Acute myeloid leukemia , or AML, is a type of cancer that affects the bone marrow and blood. AML is the second most common leukemia type in adults. The word myeloid, or myelogenous, refers to the cell type it affects. Myeloid cells are precursors to other blood cells. Usually these cells go on to develop into red blood cells RBCs , platelets, and special types of white blood cells WBCs.
Acute myelogenous leukemia - Symptoms and causes - Mayo Clinic
Cancer starts when cells in a part of the body begin to grow out of control. There are many kinds of cancer. Cells in nearly any part of the body can become cancer. To learn more about cancer and how it starts and grows, see What Is Cancer? Leukemias are cancers that start in cells that would normally develop into different types of blood cells. Most often, leukemia starts in early forms of white blood cells, but some leukemias start in other blood cell types.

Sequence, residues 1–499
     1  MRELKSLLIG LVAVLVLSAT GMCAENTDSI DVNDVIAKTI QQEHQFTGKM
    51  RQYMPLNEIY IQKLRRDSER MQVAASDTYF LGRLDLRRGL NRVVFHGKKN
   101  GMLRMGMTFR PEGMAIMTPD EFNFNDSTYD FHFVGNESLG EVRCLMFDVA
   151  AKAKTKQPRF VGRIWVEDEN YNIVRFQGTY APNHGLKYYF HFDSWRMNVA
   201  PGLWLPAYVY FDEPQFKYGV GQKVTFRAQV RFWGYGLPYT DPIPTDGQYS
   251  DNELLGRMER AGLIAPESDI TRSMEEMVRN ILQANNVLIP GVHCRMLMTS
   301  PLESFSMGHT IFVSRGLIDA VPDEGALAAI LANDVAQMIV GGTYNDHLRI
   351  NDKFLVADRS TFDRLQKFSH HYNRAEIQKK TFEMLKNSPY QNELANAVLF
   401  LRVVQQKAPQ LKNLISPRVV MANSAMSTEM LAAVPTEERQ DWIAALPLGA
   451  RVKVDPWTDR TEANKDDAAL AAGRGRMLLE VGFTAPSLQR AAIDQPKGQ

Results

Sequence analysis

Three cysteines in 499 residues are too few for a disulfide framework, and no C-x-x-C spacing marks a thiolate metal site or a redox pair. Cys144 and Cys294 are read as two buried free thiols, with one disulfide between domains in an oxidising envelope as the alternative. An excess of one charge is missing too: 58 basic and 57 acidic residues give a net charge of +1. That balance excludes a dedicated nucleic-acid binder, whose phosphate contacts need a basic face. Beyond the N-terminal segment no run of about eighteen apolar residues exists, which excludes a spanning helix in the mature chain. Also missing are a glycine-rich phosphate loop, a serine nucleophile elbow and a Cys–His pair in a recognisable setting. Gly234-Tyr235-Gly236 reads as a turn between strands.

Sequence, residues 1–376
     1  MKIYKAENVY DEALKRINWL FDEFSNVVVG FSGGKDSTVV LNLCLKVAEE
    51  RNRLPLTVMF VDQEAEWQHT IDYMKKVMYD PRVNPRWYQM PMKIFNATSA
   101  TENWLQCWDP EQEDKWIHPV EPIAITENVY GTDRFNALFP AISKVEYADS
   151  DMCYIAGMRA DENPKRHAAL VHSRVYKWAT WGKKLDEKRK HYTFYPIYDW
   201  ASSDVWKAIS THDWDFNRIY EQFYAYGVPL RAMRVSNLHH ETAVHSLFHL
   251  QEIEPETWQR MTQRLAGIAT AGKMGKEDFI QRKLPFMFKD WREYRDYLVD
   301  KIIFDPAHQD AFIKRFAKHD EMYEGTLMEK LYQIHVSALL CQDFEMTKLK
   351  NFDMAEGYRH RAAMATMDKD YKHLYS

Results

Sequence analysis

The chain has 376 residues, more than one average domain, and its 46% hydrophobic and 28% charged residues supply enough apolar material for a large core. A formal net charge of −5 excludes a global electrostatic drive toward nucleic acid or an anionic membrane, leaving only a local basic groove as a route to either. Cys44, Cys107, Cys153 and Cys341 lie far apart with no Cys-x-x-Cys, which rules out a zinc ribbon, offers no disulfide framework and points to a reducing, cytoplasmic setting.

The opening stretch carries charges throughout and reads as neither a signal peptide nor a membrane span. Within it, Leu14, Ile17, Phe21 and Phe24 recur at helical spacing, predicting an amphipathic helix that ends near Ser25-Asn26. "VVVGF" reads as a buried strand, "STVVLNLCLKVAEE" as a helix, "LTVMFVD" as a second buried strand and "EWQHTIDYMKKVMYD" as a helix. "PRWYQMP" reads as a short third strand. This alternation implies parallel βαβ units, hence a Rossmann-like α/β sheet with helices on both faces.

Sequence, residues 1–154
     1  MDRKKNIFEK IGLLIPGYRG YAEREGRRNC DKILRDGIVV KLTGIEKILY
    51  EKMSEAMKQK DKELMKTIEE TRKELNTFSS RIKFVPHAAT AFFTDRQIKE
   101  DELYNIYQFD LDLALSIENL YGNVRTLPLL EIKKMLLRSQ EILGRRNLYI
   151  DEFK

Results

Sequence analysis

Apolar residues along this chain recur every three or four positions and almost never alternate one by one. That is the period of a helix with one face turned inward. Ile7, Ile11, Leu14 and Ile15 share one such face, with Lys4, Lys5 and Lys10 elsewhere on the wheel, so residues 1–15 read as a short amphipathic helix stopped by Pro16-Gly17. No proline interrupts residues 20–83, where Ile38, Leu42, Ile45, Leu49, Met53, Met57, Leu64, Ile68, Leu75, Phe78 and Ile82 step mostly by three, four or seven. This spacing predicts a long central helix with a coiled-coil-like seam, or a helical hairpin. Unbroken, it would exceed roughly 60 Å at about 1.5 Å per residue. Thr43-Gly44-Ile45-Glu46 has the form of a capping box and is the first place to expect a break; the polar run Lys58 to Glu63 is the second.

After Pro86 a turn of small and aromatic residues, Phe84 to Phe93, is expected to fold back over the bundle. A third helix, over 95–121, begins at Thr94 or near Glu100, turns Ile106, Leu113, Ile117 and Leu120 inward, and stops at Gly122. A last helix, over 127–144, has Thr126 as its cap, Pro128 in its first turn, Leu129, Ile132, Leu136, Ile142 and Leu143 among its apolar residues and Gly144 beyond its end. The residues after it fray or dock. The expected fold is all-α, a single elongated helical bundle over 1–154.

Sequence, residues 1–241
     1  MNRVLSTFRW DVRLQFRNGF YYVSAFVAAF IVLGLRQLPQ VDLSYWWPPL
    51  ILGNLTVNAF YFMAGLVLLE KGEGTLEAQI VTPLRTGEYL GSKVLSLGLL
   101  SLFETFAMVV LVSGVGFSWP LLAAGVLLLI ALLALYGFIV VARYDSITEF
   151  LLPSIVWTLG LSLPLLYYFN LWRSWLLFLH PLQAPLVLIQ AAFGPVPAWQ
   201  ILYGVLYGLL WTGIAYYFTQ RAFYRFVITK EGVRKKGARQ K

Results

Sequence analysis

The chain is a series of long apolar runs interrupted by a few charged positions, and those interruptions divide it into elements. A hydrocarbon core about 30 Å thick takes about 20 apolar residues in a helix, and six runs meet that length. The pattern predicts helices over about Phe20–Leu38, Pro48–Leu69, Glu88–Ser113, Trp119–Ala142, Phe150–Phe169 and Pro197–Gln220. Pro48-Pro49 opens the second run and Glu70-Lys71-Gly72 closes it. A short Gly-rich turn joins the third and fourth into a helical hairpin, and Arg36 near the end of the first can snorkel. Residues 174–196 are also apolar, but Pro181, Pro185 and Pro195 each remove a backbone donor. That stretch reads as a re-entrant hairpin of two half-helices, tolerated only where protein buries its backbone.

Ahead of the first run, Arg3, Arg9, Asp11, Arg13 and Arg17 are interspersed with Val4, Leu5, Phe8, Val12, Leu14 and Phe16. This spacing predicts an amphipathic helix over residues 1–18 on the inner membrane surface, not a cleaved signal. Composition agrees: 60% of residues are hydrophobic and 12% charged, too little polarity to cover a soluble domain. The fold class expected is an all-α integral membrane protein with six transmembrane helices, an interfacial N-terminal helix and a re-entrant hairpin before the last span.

Leukemia is cancer of the white blood cells. White blood cells help your body fight infection. Your blood cells form in your bone marrow. In leukemia, however, the bone marrow produces abnormal white blood cells. These cells crowd out the healthy blood cells, making it hard for blood to do its work.
The DNA genetic material of a developing stem cell in the bone marrow is damaged. This damaged cell becomes a leukemic cell and multiplies into billions of cells called leukemic blasts. As a result, the number of healthy blood cells red cells, white cells and platelets is usually lower than normal. There is no known cause for most cases of AML.